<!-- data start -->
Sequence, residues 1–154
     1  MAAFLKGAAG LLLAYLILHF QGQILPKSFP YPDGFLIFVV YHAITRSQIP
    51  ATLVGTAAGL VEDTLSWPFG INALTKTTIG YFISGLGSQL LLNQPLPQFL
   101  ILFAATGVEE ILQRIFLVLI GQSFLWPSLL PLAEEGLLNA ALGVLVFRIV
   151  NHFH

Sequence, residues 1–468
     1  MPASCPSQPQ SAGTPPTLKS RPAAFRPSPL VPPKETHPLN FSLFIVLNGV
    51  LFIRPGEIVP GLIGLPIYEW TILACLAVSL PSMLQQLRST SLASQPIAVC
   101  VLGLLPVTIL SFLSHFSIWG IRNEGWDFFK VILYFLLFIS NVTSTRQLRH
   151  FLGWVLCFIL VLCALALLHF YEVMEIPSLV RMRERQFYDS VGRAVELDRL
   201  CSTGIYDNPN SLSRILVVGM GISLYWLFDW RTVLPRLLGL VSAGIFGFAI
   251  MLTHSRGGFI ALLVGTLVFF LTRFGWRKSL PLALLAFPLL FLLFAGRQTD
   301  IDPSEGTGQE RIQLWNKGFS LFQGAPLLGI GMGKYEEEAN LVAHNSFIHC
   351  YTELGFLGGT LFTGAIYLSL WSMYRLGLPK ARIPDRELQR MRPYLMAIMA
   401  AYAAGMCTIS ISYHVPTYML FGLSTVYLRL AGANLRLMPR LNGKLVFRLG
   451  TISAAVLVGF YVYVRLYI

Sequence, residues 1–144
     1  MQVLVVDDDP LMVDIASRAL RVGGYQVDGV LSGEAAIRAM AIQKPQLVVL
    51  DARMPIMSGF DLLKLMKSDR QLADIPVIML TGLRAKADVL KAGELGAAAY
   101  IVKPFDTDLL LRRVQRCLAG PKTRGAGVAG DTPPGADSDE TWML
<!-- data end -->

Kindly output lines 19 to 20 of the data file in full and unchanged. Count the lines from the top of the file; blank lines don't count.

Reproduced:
    51  DARMPIMSGF DLLKLMKSDR QLADIPVIML TGLRAKADVL KAGELGAAAY
   101  IVKPFDTDLL LRRVQRCLAG PKTRGAGVAG DTPPGADSDE TWML